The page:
The Afflicted Yard: The Rock from firstjamaica on Vimeo.

Masters of the Universe?

Remember how former Prime Minister Portia Simpson Miller was chided and ridiculed for wanting to hold elections on July 7 last year? 7-7-7 I did try and point out at the time that in countries like India and China it’s quite normal to schedule things on auspicious dates at auspicious times. Numbers are nothing after all if not symbolic!

Like many others I ritualistically seated myself in front of my TV screen at 8.08 pm Chinese time on August 8, 2008 to catch the Opening Ceremonies of the Beijing Olympics. What a stupendous show! To have pulled off such a stunning feat live, with the entire world watching, without a glitch or stutter—hats, tams and solar topees off to the mighty Chinese!

I gushed about it to all and sundry for two whole days till my cousin Susan sent me a tart email from Delhi saying: Dear Annie, I’ve been supporting the Tibet group in India, so the Beijing opening seemed stylistic and opaque, also 95,000 people were evacuated from Eastern China because of flash floods same day as the opening…and I’m not even a political person really, so Tiananmen square is always dedicated in my mind to those students.

Stick a pin.

For me it was the East showing the West what the marriage of technology, art and people can do. A show of power but one far more sophisticated than the nationalistic military parades normally on offer. With this synthesis of China’s penchant for the military, their mastery of technology and ancient flair for the artistic the mightiest nation of the east was signaling that it has reached; it has arrived. China has dramatically proven its prowess, displaying complete mastery over the universe on the very terms that capitalism uses to assess success.

At the same time the spectacular display was premised on teamwork, on large numbers of people working together, not on individual idiosyncracy so highly prized in the West. There were of course cameo concessions to the valued place of the modern individual for instance when two singers stood on top of a globe, looking like for all the world like one of those plastic couples used to decorate wedding cakes; dressed in Western clothes they theatrically lip-synched the haunting theme song You and Me, ingeniously combining Western pop and Chinese song (someone I read somewhere dismissed this as kitschy tripe).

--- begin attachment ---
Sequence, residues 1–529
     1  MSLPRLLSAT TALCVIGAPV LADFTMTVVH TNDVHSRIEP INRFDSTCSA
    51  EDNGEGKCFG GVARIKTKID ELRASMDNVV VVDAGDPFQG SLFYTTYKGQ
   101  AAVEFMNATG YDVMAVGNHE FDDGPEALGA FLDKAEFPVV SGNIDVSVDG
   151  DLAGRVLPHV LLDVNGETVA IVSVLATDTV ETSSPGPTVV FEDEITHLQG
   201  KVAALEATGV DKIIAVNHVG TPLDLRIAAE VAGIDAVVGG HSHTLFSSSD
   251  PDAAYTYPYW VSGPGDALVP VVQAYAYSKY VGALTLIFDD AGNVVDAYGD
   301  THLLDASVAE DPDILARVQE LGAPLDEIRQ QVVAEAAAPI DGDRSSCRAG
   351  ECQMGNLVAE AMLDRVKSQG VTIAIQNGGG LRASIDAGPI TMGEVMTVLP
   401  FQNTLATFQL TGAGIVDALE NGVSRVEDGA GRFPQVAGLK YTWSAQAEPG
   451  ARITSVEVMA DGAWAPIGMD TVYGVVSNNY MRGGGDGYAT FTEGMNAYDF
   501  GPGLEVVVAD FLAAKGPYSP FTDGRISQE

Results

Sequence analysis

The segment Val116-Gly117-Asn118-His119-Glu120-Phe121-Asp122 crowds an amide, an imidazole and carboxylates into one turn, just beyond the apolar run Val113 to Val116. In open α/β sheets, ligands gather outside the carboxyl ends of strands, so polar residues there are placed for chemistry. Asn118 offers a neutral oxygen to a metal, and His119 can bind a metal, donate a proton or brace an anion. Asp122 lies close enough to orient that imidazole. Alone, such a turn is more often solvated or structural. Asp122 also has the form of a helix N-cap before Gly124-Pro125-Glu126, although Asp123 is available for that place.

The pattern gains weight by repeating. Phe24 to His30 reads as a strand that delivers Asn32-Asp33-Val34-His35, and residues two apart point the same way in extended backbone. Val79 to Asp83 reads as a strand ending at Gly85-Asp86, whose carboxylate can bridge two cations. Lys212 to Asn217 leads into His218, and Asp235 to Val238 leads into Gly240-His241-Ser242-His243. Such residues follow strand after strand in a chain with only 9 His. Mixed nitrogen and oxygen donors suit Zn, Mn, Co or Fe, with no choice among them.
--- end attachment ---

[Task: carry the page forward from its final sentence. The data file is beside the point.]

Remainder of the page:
Is this the same China that impassively stood by and allowed Tiananman Square to happen? I’m not sure but this Olympics also signals China’s opening up to the values of the West, including the notion of individual human rights I would imagine. Yet in this opening ceremony it was showing the splendour and vastness of imagination its people are capable of; the achievements of its civilization from the invention of paper and gunpowder to outer space exploration; its ability to command the heights of tradition as well as the most contemporary technology. There was something extraordinary in that display ( It’s cyberfeudalism growled Melinda Brown as we watched thousands of elegantly begowned, bewigged Mandarins juggling neon laserbeams).

Having so memorably flexed its creative muscles will China now be more willing to negotiate with the rest of the world? Will it feel more gracious toward the demands made on it by Tibet- and Darfur-watchers? We’ll find out in the sweet by and by, won’t we?

Meanwhile back home the excitement is building as Jamaica’s cassava-fed athletes get ready to hit their stride when the Olympic Track and Field events kick off tomorrow. Will Asafa finally deliver? Or will there be a repeat of the World Championships some years back when both Asafa and Usain Bolt were pipped by Tyson Gay; the best excuse I heard after that debacle was a radio announcer claiming that this was because “Jamaican men nah like Gay running after dem so dem just a let him pass”.

Some of the funniest commentary on the impending Olympic events is to be heard on my all-time favourite radio programme, Left, Right and Centre (LRC), part of the Nationwide Radio network here (Digital AM 770). For weeks now they’ve been carrying spoof ads on The Farcical News Network for products such as ‘ANDRALONE’. Here’s an example–

Intro: Bob Marley’s song “You’re running and you’re running and you’re running away…” Music fades.